Impact of sitting time on seat-interface pressure and on pressure mapping with multiple sclerosis patients

SA Crawford, May Stinson, Deirdre Walsh, Alison Porter-Armstrong

Research output: Contribution to journalArticle

34 Citations (Scopus)

Abstract

Objective: To examine changes in seat-interface pressure with multiple sclerosis (MS) patients. Design: Case series. Setting: Multiple Sclerosis Society's Resource Centre and community. Participants: Convenience sample of 15 MS wheelchair users and 12 MS non-wheelchair users. Intervention: Interface pressure was measured for 8 minutes using the Force Sensing Array pressure mapping system. Main Outcome Measures: Number of activated sensors, standard deviation, average and maximum pressures. Results: With the wheelchair users, significant decreases were found in the standard deviation and average and maximum pressures during 0 to 2 minutes of sitting (P <.01). Average pressure was the only parameter to show a significant decrease in the non-wheelchair users (P <.01) during 0 to 2 minutes. Significant increases were found in all output parameters during 2 to 4 minutes with both groups (P <.05). Non-wheelchair users showed no significant changes in the output parameters after 4 minutes, but wheelchair users showed significant continued increases in the output parameters from 4 to 8 minutes (P <.05).
LanguageEnglish
Pages1221-1225
JournalArchives of Physical Medicine and Rehabilitation
Volume86
Issue number6
DOIs
Publication statusPublished - Jun 2005

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Multiple Sclerosis
Pressure
Wheelchairs
Outcome Assessment (Health Care)

Keywords

  • multiple sclerosis
  • pressure ulcers
  • rehabilitation
  • technology
  • medical

Cite this

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title = "Impact of sitting time on seat-interface pressure and on pressure mapping with multiple sclerosis patients",
abstract = "Objective: To examine changes in seat-interface pressure with multiple sclerosis (MS) patients. Design: Case series. Setting: Multiple Sclerosis Society's Resource Centre and community. Participants: Convenience sample of 15 MS wheelchair users and 12 MS non-wheelchair users. Intervention: Interface pressure was measured for 8 minutes using the Force Sensing Array pressure mapping system. Main Outcome Measures: Number of activated sensors, standard deviation, average and maximum pressures. Results: With the wheelchair users, significant decreases were found in the standard deviation and average and maximum pressures during 0 to 2 minutes of sitting (P <.01). Average pressure was the only parameter to show a significant decrease in the non-wheelchair users (P <.01) during 0 to 2 minutes. Significant increases were found in all output parameters during 2 to 4 minutes with both groups (P <.05). Non-wheelchair users showed no significant changes in the output parameters after 4 minutes, but wheelchair users showed significant continued increases in the output parameters from 4 to 8 minutes (P <.05).",
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T1 - Impact of sitting time on seat-interface pressure and on pressure mapping with multiple sclerosis patients

AU - Crawford, SA

AU - Stinson, May

AU - Walsh, Deirdre

AU - Porter-Armstrong, Alison

N1 - Annual Meeting of the Rehabilitation-Engineering-and-Assistive-Technology-Society-of-North-Ame rica, Atlanta, GA, JUN, 2003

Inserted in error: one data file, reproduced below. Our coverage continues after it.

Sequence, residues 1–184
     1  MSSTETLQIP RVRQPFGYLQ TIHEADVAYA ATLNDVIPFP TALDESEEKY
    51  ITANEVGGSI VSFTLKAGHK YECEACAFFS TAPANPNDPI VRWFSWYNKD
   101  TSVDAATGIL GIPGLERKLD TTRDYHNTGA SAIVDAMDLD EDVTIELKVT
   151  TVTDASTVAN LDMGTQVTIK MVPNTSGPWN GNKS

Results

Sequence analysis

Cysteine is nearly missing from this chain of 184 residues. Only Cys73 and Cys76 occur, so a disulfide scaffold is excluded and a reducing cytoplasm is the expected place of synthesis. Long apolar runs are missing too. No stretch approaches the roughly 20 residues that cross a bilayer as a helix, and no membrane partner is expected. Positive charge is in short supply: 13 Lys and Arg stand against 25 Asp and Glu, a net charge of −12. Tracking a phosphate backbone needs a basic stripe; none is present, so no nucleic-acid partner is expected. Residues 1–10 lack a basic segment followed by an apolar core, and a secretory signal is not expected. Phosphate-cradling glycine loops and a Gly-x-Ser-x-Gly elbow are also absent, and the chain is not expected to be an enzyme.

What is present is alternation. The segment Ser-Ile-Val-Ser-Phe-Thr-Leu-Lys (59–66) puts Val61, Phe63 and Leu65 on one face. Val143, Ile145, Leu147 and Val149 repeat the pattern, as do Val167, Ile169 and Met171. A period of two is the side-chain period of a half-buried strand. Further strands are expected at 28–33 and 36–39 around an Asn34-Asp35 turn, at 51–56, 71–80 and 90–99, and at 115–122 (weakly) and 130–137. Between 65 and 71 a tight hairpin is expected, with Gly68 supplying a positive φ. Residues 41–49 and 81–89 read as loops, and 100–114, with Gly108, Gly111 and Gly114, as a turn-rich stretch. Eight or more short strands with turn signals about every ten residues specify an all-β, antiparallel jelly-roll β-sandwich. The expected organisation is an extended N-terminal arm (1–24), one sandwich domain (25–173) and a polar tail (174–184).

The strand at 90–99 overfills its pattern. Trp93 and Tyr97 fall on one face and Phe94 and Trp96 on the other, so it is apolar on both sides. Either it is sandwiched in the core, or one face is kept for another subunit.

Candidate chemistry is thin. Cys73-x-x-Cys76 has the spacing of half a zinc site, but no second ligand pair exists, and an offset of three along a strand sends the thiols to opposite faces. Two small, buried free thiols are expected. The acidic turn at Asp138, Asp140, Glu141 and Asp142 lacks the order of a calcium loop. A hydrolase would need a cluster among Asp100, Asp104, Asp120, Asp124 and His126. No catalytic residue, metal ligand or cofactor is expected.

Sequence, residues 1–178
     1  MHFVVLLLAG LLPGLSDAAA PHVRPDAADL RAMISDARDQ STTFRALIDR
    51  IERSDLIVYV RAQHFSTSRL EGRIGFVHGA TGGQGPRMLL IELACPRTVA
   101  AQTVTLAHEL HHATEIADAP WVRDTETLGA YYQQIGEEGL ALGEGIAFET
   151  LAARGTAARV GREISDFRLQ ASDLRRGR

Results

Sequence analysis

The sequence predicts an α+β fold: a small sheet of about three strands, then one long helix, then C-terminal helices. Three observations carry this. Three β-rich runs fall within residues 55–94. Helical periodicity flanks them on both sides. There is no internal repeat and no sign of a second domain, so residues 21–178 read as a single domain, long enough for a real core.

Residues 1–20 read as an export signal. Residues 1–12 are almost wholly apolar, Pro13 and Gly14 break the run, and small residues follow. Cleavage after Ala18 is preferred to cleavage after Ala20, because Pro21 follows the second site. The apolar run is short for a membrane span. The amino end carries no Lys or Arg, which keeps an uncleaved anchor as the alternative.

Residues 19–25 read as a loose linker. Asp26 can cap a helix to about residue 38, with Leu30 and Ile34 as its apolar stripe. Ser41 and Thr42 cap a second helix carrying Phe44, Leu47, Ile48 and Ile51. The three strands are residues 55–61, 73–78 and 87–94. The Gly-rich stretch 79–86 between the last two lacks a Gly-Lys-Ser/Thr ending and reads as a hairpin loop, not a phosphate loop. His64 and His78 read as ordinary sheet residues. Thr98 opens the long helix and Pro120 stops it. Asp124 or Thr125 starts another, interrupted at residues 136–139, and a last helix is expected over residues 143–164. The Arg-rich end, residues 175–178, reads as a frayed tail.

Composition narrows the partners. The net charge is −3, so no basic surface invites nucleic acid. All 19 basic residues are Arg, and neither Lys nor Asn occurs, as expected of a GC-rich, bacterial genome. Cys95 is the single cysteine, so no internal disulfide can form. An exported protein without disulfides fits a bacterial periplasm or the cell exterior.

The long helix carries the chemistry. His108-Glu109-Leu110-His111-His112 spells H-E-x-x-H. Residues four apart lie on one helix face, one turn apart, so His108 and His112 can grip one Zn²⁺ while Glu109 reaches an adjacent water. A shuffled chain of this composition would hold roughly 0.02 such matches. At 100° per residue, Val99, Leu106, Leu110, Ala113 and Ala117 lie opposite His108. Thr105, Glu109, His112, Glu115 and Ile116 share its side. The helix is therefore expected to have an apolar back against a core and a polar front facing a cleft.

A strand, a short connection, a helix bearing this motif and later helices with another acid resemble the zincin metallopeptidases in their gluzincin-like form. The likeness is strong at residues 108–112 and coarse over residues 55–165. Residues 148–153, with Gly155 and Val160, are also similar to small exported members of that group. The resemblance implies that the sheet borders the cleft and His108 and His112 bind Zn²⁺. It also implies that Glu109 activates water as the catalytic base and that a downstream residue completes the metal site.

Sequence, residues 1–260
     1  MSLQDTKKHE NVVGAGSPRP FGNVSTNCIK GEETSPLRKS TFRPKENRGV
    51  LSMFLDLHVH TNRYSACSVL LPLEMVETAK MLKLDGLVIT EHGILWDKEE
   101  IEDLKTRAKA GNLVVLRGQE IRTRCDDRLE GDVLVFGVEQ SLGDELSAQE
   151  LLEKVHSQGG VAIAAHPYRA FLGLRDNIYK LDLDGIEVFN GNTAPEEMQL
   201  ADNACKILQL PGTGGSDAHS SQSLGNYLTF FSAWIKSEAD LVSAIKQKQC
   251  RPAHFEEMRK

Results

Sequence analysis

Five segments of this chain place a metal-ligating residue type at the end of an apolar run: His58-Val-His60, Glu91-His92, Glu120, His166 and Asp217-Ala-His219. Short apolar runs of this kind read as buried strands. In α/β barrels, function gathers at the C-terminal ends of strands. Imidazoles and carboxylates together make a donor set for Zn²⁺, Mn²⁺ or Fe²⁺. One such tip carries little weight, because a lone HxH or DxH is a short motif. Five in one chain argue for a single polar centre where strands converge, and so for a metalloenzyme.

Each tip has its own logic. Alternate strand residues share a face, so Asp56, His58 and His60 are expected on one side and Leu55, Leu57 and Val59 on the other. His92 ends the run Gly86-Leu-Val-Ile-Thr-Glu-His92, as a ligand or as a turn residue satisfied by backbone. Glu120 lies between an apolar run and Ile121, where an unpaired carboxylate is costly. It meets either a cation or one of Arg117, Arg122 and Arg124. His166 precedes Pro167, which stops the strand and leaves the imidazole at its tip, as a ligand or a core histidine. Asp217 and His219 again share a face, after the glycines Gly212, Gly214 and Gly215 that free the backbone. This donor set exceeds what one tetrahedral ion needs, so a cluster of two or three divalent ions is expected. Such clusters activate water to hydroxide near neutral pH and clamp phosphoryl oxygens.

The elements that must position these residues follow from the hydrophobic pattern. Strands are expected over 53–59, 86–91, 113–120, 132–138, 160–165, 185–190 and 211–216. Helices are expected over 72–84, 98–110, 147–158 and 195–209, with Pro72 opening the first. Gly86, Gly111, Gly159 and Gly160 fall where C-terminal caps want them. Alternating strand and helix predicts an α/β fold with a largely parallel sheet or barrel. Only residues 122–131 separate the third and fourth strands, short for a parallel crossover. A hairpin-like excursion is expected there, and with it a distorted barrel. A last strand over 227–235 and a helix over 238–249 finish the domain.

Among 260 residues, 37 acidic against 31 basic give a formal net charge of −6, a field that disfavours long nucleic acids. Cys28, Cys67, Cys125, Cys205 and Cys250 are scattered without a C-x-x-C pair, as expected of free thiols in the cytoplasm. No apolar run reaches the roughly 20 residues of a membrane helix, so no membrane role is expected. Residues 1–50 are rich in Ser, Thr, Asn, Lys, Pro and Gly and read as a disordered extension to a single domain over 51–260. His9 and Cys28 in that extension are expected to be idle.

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N2 - Objective: To examine changes in seat-interface pressure with multiple sclerosis (MS) patients. Design: Case series. Setting: Multiple Sclerosis Society's Resource Centre and community. Participants: Convenience sample of 15 MS wheelchair users and 12 MS non-wheelchair users. Intervention: Interface pressure was measured for 8 minutes using the Force Sensing Array pressure mapping system. Main Outcome Measures: Number of activated sensors, standard deviation, average and maximum pressures. Results: With the wheelchair users, significant decreases were found in the standard deviation and average and maximum pressures during 0 to 2 minutes of sitting (P <.01). Average pressure was the only parameter to show a significant decrease in the non-wheelchair users (P <.01) during 0 to 2 minutes. Significant increases were found in all output parameters during 2 to 4 minutes with both groups (P <.05). Non-wheelchair users showed no significant changes in the output parameters after 4 minutes, but wheelchair users showed significant continued increases in the output parameters from 4 to 8 minutes (P <.05).

AB - Objective: To examine changes in seat-interface pressure with multiple sclerosis (MS) patients. Design: Case series. Setting: Multiple Sclerosis Society's Resource Centre and community. Participants: Convenience sample of 15 MS wheelchair users and 12 MS non-wheelchair users. Intervention: Interface pressure was measured for 8 minutes using the Force Sensing Array pressure mapping system. Main Outcome Measures: Number of activated sensors, standard deviation, average and maximum pressures. Results: With the wheelchair users, significant decreases were found in the standard deviation and average and maximum pressures during 0 to 2 minutes of sitting (P <.01). Average pressure was the only parameter to show a significant decrease in the non-wheelchair users (P <.01) during 0 to 2 minutes. Significant increases were found in all output parameters during 2 to 4 minutes with both groups (P <.05). Non-wheelchair users showed no significant changes in the output parameters after 4 minutes, but wheelchair users showed significant continued increases in the output parameters from 4 to 8 minutes (P <.05).

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KW - pressure ulcers

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